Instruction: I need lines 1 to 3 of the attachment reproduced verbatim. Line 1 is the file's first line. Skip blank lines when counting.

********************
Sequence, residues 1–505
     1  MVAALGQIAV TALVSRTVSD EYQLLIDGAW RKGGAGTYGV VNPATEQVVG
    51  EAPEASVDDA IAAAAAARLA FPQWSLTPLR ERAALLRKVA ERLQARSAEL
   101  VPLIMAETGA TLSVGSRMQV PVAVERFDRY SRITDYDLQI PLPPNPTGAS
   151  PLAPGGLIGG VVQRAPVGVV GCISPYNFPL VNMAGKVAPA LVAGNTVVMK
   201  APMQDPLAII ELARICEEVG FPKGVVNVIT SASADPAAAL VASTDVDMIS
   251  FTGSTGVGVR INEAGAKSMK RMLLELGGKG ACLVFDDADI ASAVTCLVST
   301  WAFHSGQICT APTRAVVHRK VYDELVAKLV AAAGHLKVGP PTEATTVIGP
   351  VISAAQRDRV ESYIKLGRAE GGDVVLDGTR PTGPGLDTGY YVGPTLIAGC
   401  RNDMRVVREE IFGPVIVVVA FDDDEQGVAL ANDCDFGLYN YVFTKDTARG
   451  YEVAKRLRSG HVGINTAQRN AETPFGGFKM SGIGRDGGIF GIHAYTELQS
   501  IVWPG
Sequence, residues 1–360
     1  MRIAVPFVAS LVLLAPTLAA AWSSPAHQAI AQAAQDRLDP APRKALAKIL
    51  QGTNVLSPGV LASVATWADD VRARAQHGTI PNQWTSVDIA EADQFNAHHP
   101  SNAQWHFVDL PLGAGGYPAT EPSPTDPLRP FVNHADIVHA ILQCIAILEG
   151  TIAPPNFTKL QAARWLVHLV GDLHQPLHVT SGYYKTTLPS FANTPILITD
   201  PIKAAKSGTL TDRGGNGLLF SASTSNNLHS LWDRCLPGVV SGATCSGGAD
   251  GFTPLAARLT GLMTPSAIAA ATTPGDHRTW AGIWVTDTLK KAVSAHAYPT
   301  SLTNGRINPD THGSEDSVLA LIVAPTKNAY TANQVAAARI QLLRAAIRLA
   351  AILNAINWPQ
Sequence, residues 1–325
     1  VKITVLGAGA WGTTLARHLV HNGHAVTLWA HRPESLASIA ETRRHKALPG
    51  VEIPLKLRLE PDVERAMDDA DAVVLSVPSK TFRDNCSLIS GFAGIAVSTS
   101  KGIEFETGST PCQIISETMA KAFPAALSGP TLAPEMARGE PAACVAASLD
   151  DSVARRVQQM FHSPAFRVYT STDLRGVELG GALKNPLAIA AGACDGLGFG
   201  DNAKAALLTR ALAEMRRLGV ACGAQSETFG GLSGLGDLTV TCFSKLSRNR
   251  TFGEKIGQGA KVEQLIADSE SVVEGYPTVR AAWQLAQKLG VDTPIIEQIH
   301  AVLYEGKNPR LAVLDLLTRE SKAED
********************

Sequence, residues 1–505
     1  MVAALGQIAV TALVSRTVSD EYQLLIDGAW RKGGAGTYGV VNPATEQVVG
    51  EAPEASVDDA IAAAAAARLA FPQWSLTPLR ERAALLRKVA ERLQARSAEL